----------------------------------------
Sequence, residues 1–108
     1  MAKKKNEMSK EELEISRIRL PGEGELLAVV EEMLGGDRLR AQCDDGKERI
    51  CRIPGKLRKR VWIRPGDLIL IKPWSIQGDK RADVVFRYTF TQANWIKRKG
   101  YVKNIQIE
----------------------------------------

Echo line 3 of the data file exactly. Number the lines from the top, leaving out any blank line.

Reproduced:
    51  CRIPGKLRKR VWIRPGDLIL IKPWSIQGDK RADVVFRYTF TQANWIKRKG